Researchers at Aalto University have opened a pilot plant that converts CO2 and slag, the by-product of steel manufacturing, into a valuable mineral product.
The product, Precipitated Calcium Carbonate (PCC), is used in e.g. plastics, papers, rubbers and paints. The innovative plant represents the next stage prior commercialization of a new process that consumes CO2 in order to convert a low-value by-product into a highly valuable resource for industry.
The potential economic and environmental benefits of this new technology are significant. "We are turning the industrial solid by-product from steel-manufacturing into a product which is 50 times more valuable," says Arshe Said, a postgraduate researcher at Aalto University. "Also, this process actually consumes CO2 and acts as a CO2 sink which benefits the environment greatly."
Current methods of PCC production require burning large amounts of limestone. "The conventional method involves large mining activities and has high CO2 emissions," points out Sanni Eloneva, D.Sc. (Tech).
Carbon intensive manufacturing industries are coming under increasing pressure from bodies such as the EU to reduce greenhouse gas emissions. "We believe this pilot plant will help to efforts by these industries to conform with government imposed emissions and waste targets," explains Professor Mika Järvinen.
In 2010, 13% of the total steel slag produced in Europe (16 Mt) went to the landfill. "In theory, if all the calcium in this steel slag could be recovered, approximately 13 Mt PCC/year could be produced, simultaneously sequestering nearly 6 Mt CO2/year," Järvinen continues.
The highly promising new technology also has other potential advantages. "We are currently investigating the possibility of extracting other valuable materials from the slag after the extraction of calcium", says Said.
The pilot PCC plant is now running in Otaniemi campus of Aalto University. The method used in the pilot is based on the patent owned by Aalto University Foundation together with Åbo Akademi and Rautaruukki Oyj (now part of SSAB).
For More Information
+358 50 571 8886
+358 50 448 9666
+358 50 414 2593
Pilot plant video: http://youtube.com/watch?v=HqkeYyWGHO8
Press photos: http://materialbank.aalto.fi:80/public/40229e15c8C7.aspx
Researchers' article on the pilot plant: http://viewer.zmags.com/publication/649b3363#/649b3363/74, Project Magazine UK
Researchers' article on the technology: http://www.sciencedirect.com/science/article/pii/S0306261912009336
Sanni Eloneva´s Doctoral dissertation (2010): Reduction of CO2 emissions by mineral carbonation: steelmaking slags as raw material with a pure calcium carbonate end product, http://lib.tkk.fi/Diss/2010/isbn9789526034577/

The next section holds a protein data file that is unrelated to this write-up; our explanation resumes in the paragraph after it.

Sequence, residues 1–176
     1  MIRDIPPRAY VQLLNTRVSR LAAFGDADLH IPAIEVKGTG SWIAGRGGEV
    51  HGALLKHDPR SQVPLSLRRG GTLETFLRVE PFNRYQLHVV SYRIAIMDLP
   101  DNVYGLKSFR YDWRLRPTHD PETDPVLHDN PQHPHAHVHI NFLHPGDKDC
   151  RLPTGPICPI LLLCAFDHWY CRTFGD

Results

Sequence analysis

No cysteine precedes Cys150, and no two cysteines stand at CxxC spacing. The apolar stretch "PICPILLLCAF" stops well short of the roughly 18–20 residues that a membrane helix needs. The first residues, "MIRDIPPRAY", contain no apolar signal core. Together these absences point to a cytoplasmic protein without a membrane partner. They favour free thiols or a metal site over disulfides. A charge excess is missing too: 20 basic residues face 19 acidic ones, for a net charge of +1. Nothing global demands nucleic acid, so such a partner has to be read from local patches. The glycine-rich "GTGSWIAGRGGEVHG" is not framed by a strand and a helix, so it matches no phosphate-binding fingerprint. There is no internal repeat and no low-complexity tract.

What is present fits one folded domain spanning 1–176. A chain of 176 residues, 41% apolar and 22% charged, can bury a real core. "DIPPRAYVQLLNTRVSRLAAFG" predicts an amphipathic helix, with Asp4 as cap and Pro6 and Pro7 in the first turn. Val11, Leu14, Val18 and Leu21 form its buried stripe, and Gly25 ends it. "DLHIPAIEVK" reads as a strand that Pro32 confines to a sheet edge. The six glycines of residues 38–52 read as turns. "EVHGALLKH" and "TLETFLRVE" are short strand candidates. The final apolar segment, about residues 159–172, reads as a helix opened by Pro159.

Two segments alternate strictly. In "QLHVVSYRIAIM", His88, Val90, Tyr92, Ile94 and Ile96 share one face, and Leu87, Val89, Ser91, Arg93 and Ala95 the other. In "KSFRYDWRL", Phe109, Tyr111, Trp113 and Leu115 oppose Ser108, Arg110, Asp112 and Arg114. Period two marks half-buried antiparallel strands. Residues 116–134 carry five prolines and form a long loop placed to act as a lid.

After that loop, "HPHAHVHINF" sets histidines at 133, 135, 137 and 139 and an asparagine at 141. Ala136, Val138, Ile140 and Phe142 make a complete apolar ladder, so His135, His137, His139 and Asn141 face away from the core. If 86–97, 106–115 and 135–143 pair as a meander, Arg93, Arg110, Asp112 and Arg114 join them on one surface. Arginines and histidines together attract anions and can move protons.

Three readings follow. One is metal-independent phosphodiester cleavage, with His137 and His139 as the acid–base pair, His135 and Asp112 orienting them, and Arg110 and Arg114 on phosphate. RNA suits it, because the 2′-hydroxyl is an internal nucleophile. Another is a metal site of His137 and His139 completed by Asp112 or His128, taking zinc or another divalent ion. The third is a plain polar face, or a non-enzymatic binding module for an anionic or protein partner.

The development work has been funded by Academy of Finland, Finnish Funding Agency for Innovation (Tekes) together with many companies, CLEEN Oy´s Carbon Capture and Storage research program (CCSP), and Aalto Center for Entrepreneuship (ACE).
Johanna Juselius | AlphaGalileo
Jelly with memory – predicting the leveling of com-mercial paints
15.12.2017 | Fraunhofer-Institut für Produktionstechnik und Automatisierung IPA
Fraunhofer researchers develop measuring system for ZF factory in Saarbrücken
21.11.2017 | Fraunhofer-Institut für Zerstörungsfreie Prüfverfahren IZFP
DNA molecules that follow specific instructions could offer more precise molecular control of synthetic chemical systems, a discovery that opens the door for engineers to create molecular machines with new and complex behaviors.
Researchers have created chemical amplifiers and a chemical oscillator using a systematic method that has the potential to embed sophisticated circuit...
MPQ scientists achieve long storage times for photonic quantum bits which break the lower bound for direct teleportation in a global quantum network.
Concerning the development of quantum memories for the realization of global quantum networks, scientists of the Quantum Dynamics Division led by Professor...
Researchers have developed a water cloaking concept based on electromagnetic forces that could eliminate an object's wake, greatly reducing its drag while...
Tiny pores at a cell's entryway act as miniature bouncers, letting in some electrically charged atoms--ions--but blocking others. Operating as exquisitely sensitive filters, these "ion channels" play a critical role in biological functions such as muscle contraction and the firing of brain cells.
To rapidly transport the right ions through the cell membrane, the tiny channels rely on a complex interplay between the ions and surrounding molecules,...
The miniaturization of the current technology of storage media is hindered by fundamental limits of quantum mechanics. A new approach consists in using so-called spin-crossover molecules as the smallest possible storage unit. Similar to normal hard drives, these special molecules can save information via their magnetic state. A research team from Kiel University has now managed to successfully place a new class of spin-crossover molecules onto a surface and to improve the molecule’s storage capacity. The storage density of conventional hard drives could therefore theoretically be increased by more than one hundred fold. The study has been published in the scientific journal Nano Letters.
Over the past few years, the building blocks of storage media have gotten ever smaller. But further miniaturization of the current technology is hindered by...
11.12.2017 | Event News
08.12.2017 | Event News
07.12.2017 | Event News
15.12.2017 | Power and Electrical Engineering
15.12.2017 | Materials Sciences
15.12.2017 | Life Sciences